Foster carers look after some of the UK’s most vulnerable children. They have to have strength of character and love in their heart to do so, but fostering is also about having real skills to look after these children. The skills that are needed evolve over time, and foster carers need to work extremely hard at developing their knowledge in areas that they may never have come across before so that they can tackle new issues with confidence.
This has never been truer than in the last five years, with the rise of social media. No longer is the internet just a place to help children do their homework, people use it for a whole variety of interactive activities, from shopping to meeting friends. The digital world is moving so quickly that as soon as most people got up to speed with Myspace, it was already obsolete and Facebook began to rule the roost. Then along came Twitter and unsettled the applecart, letting people thrust opinions (of up to 140 characters) out into the world for all to see at the click of a button.
Despite all of this though, the internet isn’t scary. For the vast majority of the time it is a very safe place for children and young people to be. Without the internet how could children find out about the indigenous trees of Bolivia at a moment’s notice, or how could you find out the breaking news in your area?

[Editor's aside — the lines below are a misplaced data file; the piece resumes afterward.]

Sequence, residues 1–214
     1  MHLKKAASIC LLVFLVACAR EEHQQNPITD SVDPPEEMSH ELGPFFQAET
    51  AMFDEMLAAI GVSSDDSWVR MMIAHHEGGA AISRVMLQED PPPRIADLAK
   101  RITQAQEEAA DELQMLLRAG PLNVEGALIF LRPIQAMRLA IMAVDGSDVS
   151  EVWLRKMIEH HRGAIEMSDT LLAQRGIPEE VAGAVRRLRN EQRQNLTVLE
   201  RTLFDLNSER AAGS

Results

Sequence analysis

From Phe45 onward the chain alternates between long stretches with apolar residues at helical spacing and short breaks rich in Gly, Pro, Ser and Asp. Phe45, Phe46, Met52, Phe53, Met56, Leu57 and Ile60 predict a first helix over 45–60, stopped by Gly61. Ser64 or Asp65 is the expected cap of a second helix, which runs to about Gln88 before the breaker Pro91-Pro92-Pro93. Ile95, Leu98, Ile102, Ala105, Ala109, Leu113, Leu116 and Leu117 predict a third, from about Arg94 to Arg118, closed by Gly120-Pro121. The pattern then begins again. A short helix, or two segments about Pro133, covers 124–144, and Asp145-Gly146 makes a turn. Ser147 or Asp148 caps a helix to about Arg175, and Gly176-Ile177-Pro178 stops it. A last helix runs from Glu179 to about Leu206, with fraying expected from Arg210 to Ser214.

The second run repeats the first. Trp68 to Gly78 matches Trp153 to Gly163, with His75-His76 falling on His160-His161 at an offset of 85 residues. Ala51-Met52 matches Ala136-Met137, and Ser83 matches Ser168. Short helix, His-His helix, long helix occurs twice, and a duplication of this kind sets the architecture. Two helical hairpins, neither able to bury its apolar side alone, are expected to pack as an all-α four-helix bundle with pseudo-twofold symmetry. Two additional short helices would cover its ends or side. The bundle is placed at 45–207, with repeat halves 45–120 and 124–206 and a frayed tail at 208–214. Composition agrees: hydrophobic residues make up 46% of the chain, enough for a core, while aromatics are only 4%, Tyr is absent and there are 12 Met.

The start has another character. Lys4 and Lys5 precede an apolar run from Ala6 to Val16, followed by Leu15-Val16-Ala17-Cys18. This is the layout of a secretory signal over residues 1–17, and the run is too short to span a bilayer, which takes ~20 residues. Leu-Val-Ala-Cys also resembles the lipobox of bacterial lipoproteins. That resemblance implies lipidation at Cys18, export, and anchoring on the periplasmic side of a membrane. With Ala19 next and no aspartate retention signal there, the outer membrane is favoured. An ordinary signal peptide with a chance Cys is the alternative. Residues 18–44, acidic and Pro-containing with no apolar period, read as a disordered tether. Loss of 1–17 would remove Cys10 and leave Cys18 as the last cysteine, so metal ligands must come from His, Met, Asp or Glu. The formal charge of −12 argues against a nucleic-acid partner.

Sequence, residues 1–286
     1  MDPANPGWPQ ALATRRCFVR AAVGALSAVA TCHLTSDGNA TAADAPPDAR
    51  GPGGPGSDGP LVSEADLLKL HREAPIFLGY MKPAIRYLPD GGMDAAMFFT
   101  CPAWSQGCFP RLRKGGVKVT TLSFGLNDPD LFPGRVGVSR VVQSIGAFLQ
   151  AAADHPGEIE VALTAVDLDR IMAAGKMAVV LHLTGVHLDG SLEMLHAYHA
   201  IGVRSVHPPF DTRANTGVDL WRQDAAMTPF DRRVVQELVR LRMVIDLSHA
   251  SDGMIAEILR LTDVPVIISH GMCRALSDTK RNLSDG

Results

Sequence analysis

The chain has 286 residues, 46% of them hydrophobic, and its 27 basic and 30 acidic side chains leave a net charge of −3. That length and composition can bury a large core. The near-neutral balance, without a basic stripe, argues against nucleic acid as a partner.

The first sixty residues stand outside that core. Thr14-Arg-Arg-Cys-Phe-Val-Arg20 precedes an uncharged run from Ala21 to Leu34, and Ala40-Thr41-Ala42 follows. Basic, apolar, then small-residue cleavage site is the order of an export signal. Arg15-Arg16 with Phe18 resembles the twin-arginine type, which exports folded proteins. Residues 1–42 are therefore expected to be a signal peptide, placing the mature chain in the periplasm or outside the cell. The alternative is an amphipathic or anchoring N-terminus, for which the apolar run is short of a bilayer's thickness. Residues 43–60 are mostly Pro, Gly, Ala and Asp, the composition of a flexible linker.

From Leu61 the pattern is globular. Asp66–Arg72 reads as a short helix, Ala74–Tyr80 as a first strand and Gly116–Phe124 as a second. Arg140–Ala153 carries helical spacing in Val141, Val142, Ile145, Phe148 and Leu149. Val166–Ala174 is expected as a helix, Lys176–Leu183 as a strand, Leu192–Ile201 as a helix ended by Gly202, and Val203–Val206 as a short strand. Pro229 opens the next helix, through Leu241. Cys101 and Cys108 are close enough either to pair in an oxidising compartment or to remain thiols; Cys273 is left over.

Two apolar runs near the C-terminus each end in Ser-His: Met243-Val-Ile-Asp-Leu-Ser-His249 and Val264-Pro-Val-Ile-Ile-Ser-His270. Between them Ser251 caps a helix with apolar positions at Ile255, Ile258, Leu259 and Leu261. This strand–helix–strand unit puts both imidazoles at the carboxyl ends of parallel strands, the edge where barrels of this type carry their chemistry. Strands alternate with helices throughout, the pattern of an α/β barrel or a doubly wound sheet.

It is also packed full of knowledge, information and opportunities for young people to interact with each other. For foster carers the internet has incredible possibilities when it comes to facilitating contact, beyond face to face, for looked-after children with their birth families and their friends. By helping to co-ordinate this kind of contact, if approved by the child’s social worker, then you keep control of situations that could otherwise lead to unsupervised and inappropriate contact. Children have access to the internet so often, and so easily, that not to engage is to push a child away rather than to protect them.
Pulling the plug on the internet just isn’t an option. If you don’t have the internet in your home, and with more and more schools asking that homework research be done on the internet, the children that you look after will be left behind. This is why a common-sense approach to internet safety must be taken, and the Fostering Network’s new publication, Fostering in a Digital World: a common sense guide, can be the first step in helping you. The purpose of the guide is to support you in feeling assured that you can not only support looked-after children with their use of the internet, but also to be able to offer advice and guidance about using the internet safely.
Find out more about Fostering in a Digital World: a common sense guide, including how to order your copy, from the Fostering Network website. You can also find out more about Safer Internet Day 2013 on their website.
Dominic Stevenson, media and communications officer at the Fostering Network